Your Questions

Q

I wondered whether you had read The Great Siege, Matla 1565 by Ernie Bradford. Having been beaten in Rhodes the Knights of St John base themselves in Malta. Which is then attacked in 1565 by the Sultan of Turkey with 40,000 men against six hundred Knights of St John and 9,000 men from Malta. It's a compelling read and a storyline crying out for further development. Mark French

A

I have the book, and have read it at least twice, and you're right - it's a magnificent tale and it is calling out for a novel - so who knows? I've had it in mind for years, but that doesn't mean I'll ever do it, alas.


Q

I have always enjoyed your books, particularly as the places referred to where I was born & brought up (Essex & the Thames Estuary) & where I now live (Mid Devon). One question though, were you influeneced in your writings by the novels of George Shipway? Richard Knightley

A

Probably yes, but a distant influence because I read them so long ago - but I thought them utterly brilliant and compelling, and I'm sure they served as a template for the sort of book I hoped to write. The only problem with Shipway was that he didn't write enough!


Q

Just hazarding a guess - would Wellington be Sharpe's father? Tim

A

No cigar. Wellington was only 8 years old when Sharpe was born!


Q

Just discovered your website and am very impressed at the level of interaction you are able to maintain. As a big fan of all your historical time lines and past member of the sealed knott (pike not musket I'm afraid) I can really feel the passion you have for military life. Keep up the good work. I do wonder what new and different military period you will conquor next, the mighty Roman Empire perhaps? James Stevenson

A

Probably not - Conn Iggulden does such a good job with it, best I leave it to him.


Q

dear sir, I am a history undergrad at the University of South Carolina and am working on my thesis. I am researching Lord Cochrane's role in the independence movements in Chile and Brazil. I read Sharpe's Devil and was fascinated by Cochrane's attempt to rescue Napoleon from St. Helena. The books I am using allude to the idea of him hatching a rescue, but they do not go into specifics. I was wondering if all this was fiction or is this fact? If it is fact, where can I find materials on this? Looking forward to your next book. Patrick Gillespie

A

I'm pretty sure that my references all came from Donald Thomas's biography, Cochrane, and have a half memory that the material on the abortive rescue scheme was deposited in the British government's Public Records Office in Kew . . . there is a more recent biography - maybe there's some help there as well?


Q

Dear Bernard, I was wondering if you have ever read any of Wilbur Smith's novels, and if so, do you have a favourite? I sense you would enjoy him. Thanks. Paul, County Cork.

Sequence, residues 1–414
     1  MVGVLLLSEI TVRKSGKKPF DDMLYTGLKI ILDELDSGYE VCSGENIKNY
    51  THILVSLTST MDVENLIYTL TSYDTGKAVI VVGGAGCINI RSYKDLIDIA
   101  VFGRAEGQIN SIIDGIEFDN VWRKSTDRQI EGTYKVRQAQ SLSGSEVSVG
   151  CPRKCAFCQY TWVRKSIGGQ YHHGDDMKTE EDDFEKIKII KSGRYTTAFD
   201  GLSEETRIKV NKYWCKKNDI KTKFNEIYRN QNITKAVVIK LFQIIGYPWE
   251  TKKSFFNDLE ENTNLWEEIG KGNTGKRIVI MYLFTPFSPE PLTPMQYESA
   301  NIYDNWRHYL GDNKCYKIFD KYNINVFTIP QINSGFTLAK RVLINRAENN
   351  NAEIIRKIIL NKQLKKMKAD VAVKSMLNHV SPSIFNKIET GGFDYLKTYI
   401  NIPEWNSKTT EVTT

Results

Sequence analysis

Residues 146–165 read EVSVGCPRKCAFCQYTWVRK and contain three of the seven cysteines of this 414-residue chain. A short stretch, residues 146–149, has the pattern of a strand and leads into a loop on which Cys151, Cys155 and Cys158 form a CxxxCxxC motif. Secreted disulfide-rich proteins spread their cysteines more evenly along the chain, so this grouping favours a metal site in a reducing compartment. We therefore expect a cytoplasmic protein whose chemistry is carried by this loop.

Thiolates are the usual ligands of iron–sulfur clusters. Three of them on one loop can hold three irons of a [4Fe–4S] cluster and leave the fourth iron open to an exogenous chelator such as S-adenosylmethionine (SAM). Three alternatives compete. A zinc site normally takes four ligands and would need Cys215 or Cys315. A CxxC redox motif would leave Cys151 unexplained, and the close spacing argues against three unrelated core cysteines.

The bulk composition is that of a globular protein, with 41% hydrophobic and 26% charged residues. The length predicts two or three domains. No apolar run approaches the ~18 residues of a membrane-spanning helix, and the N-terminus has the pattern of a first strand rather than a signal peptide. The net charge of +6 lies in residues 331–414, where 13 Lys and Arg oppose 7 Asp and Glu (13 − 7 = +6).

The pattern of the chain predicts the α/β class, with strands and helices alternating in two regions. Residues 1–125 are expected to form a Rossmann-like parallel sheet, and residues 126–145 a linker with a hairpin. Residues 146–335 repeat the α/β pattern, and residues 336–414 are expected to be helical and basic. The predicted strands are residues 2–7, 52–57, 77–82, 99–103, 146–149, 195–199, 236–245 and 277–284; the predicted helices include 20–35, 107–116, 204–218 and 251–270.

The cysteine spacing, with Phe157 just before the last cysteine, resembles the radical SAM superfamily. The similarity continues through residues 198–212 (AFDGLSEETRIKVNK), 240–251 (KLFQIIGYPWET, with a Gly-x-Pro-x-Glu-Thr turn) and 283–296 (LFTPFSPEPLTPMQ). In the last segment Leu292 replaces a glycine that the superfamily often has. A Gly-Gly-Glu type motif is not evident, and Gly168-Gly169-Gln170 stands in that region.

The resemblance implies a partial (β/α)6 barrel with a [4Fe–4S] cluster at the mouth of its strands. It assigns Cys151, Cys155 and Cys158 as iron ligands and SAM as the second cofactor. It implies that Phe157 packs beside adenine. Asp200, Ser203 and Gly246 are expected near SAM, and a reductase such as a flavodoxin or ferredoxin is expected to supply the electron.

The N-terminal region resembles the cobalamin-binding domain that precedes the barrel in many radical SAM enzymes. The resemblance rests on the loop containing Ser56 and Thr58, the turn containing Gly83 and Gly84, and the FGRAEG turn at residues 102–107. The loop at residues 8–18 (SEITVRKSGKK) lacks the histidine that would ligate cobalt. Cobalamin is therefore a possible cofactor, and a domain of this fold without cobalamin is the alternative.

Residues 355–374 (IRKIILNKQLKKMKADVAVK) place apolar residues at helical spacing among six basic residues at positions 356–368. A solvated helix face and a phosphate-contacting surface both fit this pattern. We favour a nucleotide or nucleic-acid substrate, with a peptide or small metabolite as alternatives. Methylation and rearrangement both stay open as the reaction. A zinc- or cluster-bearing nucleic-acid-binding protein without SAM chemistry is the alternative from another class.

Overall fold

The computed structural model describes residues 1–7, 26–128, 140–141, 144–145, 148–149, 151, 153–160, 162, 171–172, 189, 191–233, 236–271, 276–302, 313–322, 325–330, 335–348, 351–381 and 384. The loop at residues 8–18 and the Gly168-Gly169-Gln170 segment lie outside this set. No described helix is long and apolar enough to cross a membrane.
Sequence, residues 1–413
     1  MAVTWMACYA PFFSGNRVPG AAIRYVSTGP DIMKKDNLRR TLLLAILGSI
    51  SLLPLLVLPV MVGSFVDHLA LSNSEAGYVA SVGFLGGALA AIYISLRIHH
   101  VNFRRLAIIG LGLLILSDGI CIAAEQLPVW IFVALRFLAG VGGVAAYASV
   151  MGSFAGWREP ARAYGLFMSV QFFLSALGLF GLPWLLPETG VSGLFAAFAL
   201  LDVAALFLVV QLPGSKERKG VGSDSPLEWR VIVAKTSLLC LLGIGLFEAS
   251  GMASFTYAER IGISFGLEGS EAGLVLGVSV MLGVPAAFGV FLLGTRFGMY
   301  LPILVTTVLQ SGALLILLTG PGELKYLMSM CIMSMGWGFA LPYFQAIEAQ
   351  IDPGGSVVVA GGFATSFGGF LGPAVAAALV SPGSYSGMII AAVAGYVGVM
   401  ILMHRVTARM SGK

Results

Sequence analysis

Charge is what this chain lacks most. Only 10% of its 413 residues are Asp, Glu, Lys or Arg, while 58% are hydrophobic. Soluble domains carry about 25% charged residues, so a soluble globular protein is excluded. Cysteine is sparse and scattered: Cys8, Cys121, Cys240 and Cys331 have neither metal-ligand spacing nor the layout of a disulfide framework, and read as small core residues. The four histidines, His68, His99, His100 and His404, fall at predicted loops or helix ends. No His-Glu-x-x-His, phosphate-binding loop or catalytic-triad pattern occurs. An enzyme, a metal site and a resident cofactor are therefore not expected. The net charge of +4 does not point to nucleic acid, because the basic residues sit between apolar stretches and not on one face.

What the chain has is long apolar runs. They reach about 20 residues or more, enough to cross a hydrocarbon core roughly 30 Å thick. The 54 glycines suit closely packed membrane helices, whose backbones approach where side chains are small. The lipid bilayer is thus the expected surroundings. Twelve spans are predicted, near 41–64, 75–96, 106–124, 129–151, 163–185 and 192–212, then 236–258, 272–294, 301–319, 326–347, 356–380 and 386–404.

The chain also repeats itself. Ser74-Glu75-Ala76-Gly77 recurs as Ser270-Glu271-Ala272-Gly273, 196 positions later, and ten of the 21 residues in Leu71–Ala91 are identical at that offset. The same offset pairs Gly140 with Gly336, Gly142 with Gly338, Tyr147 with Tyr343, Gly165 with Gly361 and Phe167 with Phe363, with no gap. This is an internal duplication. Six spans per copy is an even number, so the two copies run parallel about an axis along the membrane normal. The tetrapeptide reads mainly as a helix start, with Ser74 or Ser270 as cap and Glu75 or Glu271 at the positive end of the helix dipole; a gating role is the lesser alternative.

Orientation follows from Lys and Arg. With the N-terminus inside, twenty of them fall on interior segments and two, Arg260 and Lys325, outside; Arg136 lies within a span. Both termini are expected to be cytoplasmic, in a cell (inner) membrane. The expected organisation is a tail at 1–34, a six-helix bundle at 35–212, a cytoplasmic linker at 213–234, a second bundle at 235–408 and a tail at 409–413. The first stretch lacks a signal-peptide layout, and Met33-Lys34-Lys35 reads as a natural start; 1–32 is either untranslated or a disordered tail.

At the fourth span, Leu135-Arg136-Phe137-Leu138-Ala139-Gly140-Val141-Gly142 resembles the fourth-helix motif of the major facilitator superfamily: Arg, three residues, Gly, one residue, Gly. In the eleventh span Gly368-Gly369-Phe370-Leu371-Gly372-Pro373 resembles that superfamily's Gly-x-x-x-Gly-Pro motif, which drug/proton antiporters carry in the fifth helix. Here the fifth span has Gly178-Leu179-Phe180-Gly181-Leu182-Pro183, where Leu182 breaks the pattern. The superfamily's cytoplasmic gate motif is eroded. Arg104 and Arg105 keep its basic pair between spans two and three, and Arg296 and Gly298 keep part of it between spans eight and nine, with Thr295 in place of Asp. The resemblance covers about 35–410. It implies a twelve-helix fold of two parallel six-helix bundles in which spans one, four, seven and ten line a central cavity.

A

I have read and enjoyed him - not sure what my favourite is though.


Q

Dear Bernard, greatly enjoyed the Grail Quest and now reading the Arthur trilogy. If you could go back in time to any one day where and when would it be? just curious, regards Martin

A

Probably, right now, I'd choose 25th October, 1415, mainly because I'm reading an advance copy of Juliet Barker's book Agincourt, which is utterly brilliant, and it would (with hindsight) have been a great day to witness. Waterloo wouldn't be bad either.


Q

Mr. Cornwell, I would just like to add my thanks for many hours of great reading and listening of your Sharpe and Starbuck books. I do have one question you probably have gotten quite often. I know Sharpe was with the 33 West Yorkshire Regt. And the South Essex. But have not been able to find out the Regimental number of the South Essex. I have seen the flag on the videoes but can't see the number on the flag. I would be grateful if you could tell me the number of the South Essex. I hope sometime soon you will consider writing more of Starbucks adventures. thanks. David C. Klose

A

It doesn't have a number, which is odd, I know, but deliberate. The next vacant number in the Wellington era army would have been the 105th, so I could have chosen that, but it sounds far too French! To have used a smaller number - i.e. the 45th or 63rd, would have been to poach from an existing regiment, so I decided they would be uniquely numberless.


Q

Dear Mr. Cornwell, 1) Thank you very much for being the most polite, helpful, and available to the public author of large stature that I've ever seen - 2) Have you ever considered composing a story surrounding Alexander the Great? Thanks - excellent work - cheers - shane

A

Thanks! No, no plans for Alexander the Great.


Q

Dear Mr. Cornwell, I will echo the hundreds of thousands who enjoy your books and say that you are one of my favorite authors. I hope we will be entertained with your works for years to come. At the end of Waterloo, Wellington tells Sharpe that the Prince of Wales's Own are his. I took this to mean he was promoted to Lt. Col. in the British Army (not the Dutch). My question is did the Horse Guards approve of the appointment or reject it like his earlier gazette? When he intoduces himself to somebody in "Sharpe's Devil", he refers to himself as a Lt. Col. Darren Ivey

A

I assume he took it as a brevet appointment - i.e. temporary, which is all the Duke would have been empowered to give him on the spot. In truth he reverts to his old rank afterwards, but courtesy would allow him to use the brevet rank.


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